by leevank on Fri Jan 31, 2014 at 10:54:00 AM PST

          [ Parent ]

    •  You have no idea (3+ / 0-)
      Recommended by:
      GleninCA, PeterHug, Jacob1145

      and neither do I

  •  Is Kentucky Really in the South? (n/t) (1+ / 0-)
    Recommended by:
    Jacob1145
    •  Yes (0+ / 0-)

      They like their overalls low in in the back.

      "It's too LATE to stop now!" - John Lee Hooker

      by Rolfyboy6 on Fri Jan 31, 2014 at 07:08:23 AM PST

      [ Parent ]

    •  It's a matter for perspective IMO (3+ / 0-)
      Recommended by:
      wishingwell, GleninCA, Jacob1145

      My mother's side of the family was largely from Kentucky and my grandparents considered themselves southerners.  I also have family in southern Missouri who consider themselves southerners.  These "buffer" states from the Civil War era such as KY and MO seem to still have a real divide as far as identification with the south goes.

      Intelligence agencies keep things secret because they often violate the rule of law or of good behavior. -Julian Assange-

      by ChadmanFL on Fri Jan 31, 2014 at 07:15:52 AM PST

      [ Parent ]

  •  Total speculation here, but, (0+ / 0-)

    when I lived in Waxman's district some 18 years ago, my State Senator was Tom Hayden.  Granted, he is now 74, but any chance HE might take a shot at the seat?

    With the Decision Points Theater, the George W. Bush Presidential Library becomes the very first Presidential Library to feature a Fiction Section.

    by Its the Supreme Court Stupid on Fri Jan 31, 2014 at 06:40:25 AM PST

  •  If there was a legislative hall of fame (5+ / 0-)

    He would be inducted on the first ballot. All time great.

  •  Florida is going to be a mess. Like that's (1+ / 0-)
    Recommended by:
    Pilotshark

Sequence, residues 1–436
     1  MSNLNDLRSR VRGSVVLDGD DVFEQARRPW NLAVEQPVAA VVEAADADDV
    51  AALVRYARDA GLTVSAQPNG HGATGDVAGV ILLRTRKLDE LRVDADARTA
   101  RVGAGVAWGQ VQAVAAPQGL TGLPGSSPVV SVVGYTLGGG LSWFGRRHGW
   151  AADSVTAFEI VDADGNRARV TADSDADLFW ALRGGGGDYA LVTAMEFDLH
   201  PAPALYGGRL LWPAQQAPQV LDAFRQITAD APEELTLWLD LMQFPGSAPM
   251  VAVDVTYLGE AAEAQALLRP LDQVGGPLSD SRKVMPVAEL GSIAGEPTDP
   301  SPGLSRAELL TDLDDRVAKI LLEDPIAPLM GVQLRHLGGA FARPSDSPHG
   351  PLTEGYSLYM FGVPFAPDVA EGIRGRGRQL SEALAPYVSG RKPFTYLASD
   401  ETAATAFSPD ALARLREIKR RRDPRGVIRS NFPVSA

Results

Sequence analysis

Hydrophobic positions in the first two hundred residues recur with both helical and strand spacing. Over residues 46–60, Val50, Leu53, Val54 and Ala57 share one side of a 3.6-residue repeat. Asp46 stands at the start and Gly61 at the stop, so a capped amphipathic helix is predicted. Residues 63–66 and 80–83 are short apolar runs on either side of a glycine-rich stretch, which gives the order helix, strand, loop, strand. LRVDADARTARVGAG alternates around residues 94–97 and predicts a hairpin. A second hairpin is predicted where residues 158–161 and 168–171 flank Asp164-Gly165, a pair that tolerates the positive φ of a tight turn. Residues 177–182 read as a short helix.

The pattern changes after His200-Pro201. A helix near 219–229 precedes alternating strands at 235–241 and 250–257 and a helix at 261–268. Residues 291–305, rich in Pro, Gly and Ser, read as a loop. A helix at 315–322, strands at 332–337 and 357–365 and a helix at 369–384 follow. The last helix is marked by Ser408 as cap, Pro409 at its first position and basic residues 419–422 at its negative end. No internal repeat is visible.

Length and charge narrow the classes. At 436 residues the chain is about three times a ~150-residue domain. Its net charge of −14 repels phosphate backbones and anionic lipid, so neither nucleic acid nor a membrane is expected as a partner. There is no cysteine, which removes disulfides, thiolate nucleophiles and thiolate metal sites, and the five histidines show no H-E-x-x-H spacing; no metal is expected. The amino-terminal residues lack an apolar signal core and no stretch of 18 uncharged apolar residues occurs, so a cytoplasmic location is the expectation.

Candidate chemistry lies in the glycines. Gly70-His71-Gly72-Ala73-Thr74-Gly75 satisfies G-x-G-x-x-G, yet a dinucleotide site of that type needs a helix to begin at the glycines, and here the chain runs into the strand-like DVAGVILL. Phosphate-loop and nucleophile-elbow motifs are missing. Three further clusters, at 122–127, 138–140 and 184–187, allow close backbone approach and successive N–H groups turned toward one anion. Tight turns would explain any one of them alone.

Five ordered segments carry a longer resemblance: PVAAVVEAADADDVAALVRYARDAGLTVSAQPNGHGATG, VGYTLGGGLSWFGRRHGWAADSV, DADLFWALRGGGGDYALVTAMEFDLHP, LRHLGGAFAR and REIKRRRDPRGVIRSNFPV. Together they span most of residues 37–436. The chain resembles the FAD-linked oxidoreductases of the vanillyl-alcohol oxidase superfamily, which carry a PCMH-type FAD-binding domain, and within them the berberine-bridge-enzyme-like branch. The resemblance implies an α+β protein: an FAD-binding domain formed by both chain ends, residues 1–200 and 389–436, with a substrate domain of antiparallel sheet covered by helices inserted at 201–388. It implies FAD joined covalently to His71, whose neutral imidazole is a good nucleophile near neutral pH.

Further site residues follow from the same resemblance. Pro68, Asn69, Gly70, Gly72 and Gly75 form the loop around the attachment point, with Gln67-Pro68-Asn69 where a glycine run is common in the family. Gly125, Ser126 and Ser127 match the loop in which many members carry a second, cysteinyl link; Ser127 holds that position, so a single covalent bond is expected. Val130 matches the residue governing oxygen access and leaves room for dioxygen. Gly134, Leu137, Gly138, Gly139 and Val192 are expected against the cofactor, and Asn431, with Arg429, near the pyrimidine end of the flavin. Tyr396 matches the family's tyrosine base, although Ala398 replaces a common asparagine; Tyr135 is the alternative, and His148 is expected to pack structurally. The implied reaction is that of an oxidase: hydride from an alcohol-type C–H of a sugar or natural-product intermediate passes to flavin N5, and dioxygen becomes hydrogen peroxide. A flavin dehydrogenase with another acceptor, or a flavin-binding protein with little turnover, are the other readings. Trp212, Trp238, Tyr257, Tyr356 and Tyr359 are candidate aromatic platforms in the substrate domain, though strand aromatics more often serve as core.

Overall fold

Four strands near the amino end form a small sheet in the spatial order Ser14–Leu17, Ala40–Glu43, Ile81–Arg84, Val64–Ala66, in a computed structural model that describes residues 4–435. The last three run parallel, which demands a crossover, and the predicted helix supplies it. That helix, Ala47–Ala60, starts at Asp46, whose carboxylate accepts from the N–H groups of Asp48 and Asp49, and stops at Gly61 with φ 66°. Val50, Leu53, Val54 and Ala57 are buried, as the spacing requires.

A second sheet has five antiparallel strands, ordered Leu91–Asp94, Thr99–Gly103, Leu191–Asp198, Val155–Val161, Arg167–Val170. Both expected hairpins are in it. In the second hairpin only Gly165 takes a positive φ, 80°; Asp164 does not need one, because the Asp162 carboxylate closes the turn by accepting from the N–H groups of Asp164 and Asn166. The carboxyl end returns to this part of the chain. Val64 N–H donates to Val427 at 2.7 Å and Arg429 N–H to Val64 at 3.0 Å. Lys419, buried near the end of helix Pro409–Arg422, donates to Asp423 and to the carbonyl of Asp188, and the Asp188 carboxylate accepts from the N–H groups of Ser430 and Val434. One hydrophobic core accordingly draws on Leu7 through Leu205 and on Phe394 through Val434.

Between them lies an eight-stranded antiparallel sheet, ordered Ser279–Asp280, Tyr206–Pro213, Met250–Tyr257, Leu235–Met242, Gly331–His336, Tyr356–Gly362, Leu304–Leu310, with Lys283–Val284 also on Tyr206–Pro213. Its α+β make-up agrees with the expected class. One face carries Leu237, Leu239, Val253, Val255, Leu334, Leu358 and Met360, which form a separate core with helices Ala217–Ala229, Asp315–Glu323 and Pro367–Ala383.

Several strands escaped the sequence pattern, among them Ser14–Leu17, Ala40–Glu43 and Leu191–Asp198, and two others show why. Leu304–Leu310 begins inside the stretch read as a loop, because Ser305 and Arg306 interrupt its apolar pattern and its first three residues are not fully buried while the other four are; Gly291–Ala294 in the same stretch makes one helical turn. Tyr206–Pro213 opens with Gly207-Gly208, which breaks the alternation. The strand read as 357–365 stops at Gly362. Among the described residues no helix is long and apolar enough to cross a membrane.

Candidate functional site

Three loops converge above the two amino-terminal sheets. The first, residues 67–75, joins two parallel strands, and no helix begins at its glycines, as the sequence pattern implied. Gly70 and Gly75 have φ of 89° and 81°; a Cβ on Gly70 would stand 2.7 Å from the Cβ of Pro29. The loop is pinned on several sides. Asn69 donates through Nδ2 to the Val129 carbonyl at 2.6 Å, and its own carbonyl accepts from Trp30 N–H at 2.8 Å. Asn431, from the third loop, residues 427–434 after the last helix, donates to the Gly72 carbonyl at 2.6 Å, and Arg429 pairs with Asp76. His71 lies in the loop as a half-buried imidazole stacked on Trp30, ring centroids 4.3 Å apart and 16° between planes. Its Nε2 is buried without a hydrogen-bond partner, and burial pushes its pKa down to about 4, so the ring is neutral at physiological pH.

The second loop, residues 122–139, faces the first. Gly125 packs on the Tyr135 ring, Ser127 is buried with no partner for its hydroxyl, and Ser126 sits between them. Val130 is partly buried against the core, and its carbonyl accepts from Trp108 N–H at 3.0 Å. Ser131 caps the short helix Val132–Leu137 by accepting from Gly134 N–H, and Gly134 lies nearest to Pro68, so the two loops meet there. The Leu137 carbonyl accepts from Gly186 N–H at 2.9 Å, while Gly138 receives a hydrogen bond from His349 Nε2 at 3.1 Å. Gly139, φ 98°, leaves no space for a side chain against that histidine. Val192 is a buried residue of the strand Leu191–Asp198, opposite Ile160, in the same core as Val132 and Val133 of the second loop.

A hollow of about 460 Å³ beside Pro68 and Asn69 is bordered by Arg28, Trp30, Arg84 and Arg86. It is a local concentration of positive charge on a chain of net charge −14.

anything new.

    Patrick Murphy will lose.  He voted against the hemp bill.  He also voted to keep the sugar subsidies in the Farm Bill. Big Sugar is an extremely sore subject in his district.

    Crist will probably win but Democratic solidarity is weak in Florida.  Bill Nelson, Debbie Wasserman-Schultz, Joe Garcia and Lois Frankel are doing their best to alienate Dems by wantonly supporting Big Sugar.

    Big Sugar a/k/a the Koch Bros. of Florida.

  •  Postal Reform??? (9+ / 0-)

    I love Waxman, but to list the 2006 postal reform law as an accomplishment is bizarre. That law, which required the USPS to pre-fund retiree heath care benefits, is why the USPS is dieing.

  •  I think the author makes too much... (1+ / 0-)
    Recommended by:
    GleninCA

    of the South Bay's potential influence in the congressional district.  It is made up of very affluent enclave suburbs that are not all that heavily populated.  Doesn't mean that any Dem is a shoo-in, but if the Dem doesn't the South Bay won't be the reason why.

  •  That is an awesome interactive map. (2+ / 0-)
    Recommended by:
    GleninCA, slothlax

    Great work by the L.A. Times to have that for us.  However, it should be noted that they caution that they never updated it with about 400,000 absentee ballots.  Now, I believe those went for Obama pretty strongly as well, which could change quite a few of the precincts in their final percentages.

    It was interesting to see big chunks of Beverly Hills going for Romney (though not by much) bordering West Hollywood, which went for Obama by more than an 80-20 margin.

  •  congress passes a farm bill (0+ / 0-)

    that among other things cuts 8.7 million in food stamps over ten years but still gives the wealthy farm subsidies in the millions and takes out a sentence that allows the public to see who gets those subsidies (politicians =elites).
    it only affects 16 states they say and a sen from minn (dem) says its only 1%, in ny that means 90 dollars less per month for a recipient not much to a rich politician who is on the dole for everything from healthcare to perks to a pension.
    why do i guess those 16 states are most likely blue states who already put in more in taxes than they receive in benefits unlike the red states that hate govt but suck off of the teat more than anyone.
    the dems have deserted the 99% and are in league with the gop to turn america into a plutocracy right before our very eyes and we are either too ignorant or uninformed to care.
    my country tis of thee is only meant for the 1% and the 99% are just collateral damage in the scheme of things.
    ps - did i mention that the nfl is a non profit, put that in your fairness pipe and smoke it!

    save america defeat all republicans and conservatives

  •  Willie Brien is not mayor of Santa Monica (2+ / 0-)
    Recommended by:
    Jacob1145, slothlax

    The Mayor of Santa Monica is Pam O'Connor. Willie Brien is a councilman in Beverly Hills. Beverly Hills is not Santa Monica. They're not even spelled the same. Facts do matter.

  •  Florida is where Democrats and the Democratic (2+ / 0-)
    Recommended by:
    WisVoter, Jacob1145

    party part ways. The party turns toward the right.  The democratic voters stay on the democratic path.